"Mandatory life without parole for a juvenile," wrote Justice Elena Kagan, in the majority opinion, "precludes consideration of his chronological age and its hallmark features—among them, immaturity, impetuosity, and failure to appreciate risks and consequences."

Indeed, it is that "immaturity, impetuosity," and naivete, that was recognized by our final example, in his own past, that brought him to a new understanding of his own freedom and liberty.

The Fife


In 2010, a 14-year-old boy wowed a group of political conservatives at the annual Conservative Political Action Conference, for the second year in a row, by delivering a cogent, coherent talk about how strongly he believed that only conservatism embraced American values. The young man, Jonathan Krohn, who lives in severely Republican Georgia, was back in the news recently, reacting to comedian Bill Maher's  use of tape, from Krohn's CPAC address, on his June 22 HBO's Real Time with Bill Maher program, using it to admonish Republicans, "When 14-year-old boys sound exactly like you do...maybe you should rethink the shit that's coming out of your mouth." Maher went on to point to the booing of a gay soldier and cheering for a deadly, electrified border fence during the GOP primary debates, and added, "No wonder 14-year-old boys can do your act. You act exactly like 14-year-old boys!"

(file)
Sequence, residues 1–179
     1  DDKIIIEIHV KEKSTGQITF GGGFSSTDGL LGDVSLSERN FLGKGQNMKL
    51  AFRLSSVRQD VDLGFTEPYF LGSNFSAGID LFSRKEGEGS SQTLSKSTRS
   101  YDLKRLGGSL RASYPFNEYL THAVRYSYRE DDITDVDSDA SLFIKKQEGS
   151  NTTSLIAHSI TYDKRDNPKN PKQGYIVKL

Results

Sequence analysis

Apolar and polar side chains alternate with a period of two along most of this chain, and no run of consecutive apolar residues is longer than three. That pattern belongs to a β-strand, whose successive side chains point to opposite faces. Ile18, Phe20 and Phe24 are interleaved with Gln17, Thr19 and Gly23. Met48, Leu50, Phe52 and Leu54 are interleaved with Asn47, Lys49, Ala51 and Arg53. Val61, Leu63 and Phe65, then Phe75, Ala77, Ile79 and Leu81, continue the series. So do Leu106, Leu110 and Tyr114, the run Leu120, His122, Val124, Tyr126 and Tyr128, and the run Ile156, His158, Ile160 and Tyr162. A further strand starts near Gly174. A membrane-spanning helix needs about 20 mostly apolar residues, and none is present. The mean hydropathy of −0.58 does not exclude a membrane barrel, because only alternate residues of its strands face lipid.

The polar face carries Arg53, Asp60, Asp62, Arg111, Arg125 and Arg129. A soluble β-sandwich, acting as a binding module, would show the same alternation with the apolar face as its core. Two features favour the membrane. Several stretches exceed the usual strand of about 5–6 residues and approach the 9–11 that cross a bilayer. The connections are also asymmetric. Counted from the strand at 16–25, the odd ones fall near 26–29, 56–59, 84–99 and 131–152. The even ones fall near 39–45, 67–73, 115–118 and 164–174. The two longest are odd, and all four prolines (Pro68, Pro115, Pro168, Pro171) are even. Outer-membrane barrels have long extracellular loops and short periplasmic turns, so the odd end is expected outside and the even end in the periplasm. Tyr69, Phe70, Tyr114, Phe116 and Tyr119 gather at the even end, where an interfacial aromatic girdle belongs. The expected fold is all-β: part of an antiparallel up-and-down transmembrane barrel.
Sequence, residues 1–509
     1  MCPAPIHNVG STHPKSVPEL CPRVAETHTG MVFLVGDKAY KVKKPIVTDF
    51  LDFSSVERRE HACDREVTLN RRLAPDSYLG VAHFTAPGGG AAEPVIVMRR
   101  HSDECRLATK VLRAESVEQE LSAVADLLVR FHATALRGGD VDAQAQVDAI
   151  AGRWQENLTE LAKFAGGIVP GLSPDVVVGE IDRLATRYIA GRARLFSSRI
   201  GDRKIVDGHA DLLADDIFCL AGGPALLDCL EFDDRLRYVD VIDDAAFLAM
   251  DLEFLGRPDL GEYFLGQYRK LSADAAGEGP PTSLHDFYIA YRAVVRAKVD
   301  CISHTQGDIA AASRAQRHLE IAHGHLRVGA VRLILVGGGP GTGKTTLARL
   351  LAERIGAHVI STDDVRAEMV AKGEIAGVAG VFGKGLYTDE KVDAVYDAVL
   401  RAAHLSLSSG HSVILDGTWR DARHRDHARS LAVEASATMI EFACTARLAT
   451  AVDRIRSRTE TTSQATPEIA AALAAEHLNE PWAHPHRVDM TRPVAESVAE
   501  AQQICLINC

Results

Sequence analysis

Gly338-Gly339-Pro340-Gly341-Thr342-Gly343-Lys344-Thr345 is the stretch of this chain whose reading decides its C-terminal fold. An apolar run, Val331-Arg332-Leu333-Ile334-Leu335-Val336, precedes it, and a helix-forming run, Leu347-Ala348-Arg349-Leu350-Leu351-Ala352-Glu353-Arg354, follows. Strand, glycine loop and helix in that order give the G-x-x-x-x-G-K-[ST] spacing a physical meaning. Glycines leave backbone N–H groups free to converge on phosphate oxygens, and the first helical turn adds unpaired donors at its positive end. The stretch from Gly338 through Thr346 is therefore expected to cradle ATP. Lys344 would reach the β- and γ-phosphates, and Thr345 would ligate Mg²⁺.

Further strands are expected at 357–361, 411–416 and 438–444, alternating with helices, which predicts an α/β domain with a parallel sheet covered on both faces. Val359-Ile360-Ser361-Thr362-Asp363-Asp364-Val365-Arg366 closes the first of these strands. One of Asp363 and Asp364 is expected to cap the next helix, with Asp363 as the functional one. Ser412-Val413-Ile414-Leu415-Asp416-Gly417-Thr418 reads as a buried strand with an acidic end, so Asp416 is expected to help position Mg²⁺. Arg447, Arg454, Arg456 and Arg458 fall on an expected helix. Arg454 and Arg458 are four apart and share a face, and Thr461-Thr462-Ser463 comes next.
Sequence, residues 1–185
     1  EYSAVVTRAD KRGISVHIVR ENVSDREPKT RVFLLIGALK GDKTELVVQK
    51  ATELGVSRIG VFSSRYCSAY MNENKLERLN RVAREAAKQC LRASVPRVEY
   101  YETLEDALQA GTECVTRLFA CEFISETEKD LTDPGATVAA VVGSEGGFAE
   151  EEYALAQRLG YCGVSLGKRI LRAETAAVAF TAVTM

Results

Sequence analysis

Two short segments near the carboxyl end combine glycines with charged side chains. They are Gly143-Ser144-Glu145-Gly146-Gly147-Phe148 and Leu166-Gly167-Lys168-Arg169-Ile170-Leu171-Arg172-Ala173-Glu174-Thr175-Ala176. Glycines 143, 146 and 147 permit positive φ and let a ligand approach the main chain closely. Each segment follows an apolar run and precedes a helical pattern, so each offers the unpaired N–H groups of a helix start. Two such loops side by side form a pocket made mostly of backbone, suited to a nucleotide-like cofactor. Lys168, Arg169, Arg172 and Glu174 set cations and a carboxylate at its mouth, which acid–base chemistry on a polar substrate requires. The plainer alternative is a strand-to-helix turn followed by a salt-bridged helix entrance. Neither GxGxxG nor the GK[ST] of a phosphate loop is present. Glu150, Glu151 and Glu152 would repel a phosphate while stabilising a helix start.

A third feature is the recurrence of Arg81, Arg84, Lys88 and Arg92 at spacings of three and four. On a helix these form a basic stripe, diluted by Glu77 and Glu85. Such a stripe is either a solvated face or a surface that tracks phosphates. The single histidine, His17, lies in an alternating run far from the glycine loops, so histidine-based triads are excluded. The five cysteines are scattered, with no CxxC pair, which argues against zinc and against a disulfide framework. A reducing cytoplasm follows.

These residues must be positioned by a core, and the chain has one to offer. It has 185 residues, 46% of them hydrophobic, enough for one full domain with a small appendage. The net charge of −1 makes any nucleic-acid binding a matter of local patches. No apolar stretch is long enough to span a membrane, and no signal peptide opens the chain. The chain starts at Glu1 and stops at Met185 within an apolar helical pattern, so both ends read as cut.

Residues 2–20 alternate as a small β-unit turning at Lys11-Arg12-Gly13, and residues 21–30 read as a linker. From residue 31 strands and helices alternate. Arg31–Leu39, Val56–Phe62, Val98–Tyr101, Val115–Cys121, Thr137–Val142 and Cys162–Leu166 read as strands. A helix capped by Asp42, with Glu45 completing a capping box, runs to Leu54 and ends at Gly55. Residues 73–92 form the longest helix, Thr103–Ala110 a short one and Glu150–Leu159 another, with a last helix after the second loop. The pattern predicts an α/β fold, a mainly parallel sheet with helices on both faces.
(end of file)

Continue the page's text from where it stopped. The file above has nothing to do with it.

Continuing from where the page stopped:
Reached by Politico, Krohn, now 17, admitted that his political views have markedly changed. "I stopped being a social conservative. It just didn’t seem right to me anymore," he told Politico, adding, "it’s not because I’ve become a liberal from being a conservative — it’s just that I thought about it more. The issues are so complex, you can’t just go with some ideological mantra for each substantive issue."

Appearing on MSNBC's The Last Word with Lawrence O'Donnell, Monday night, Krohn, who plans to attend New York University in the fall, further explained, "When I revisited everything else, I said, 'You know, I don't really agree with everything I wrote [in two conservative books] then, so I should just move on,' and the first things to go were my social conservative ideas because it just seemed so regimental, so structured, so dogmatic, and I didn't want to be a part of that. I'd rather have my ability to have my opinion on any issue I want."

Wanting children to have their own opinion and think freely is decidedly not conservative dogma, as the education plank of the 2012 Texas Republican Platform Committee report affirmed recently:

"Knowledge-Based Education – We oppose the teaching of Higher Order Thinking Skills (HOTS) (values clarification), critical thinking skills and similar programs that are simply a relabeling of Outcome-Based Education (OBE) (mastery learning) which focus on behavior modification and have the purpose of challenging the student’s fixed beliefs and undermining parental authority."
The conservative wing of the Republican party, which seems to have all the power, proudly claims to be the real embodiment, the true guardians, of American freedom and liberty. Yet freedom constrained by dogma means original thought has its limits, when measured against the litmus of conservative ideology. That's no way to grow our young minds, our future, or our country.

-PBG

Originally posted to ProseAndThorn on Tue Jul 03, 2012 at 04:25 PM PDT.

Also republished by Discussing The Law: TalkLeft's View On Law and Politics.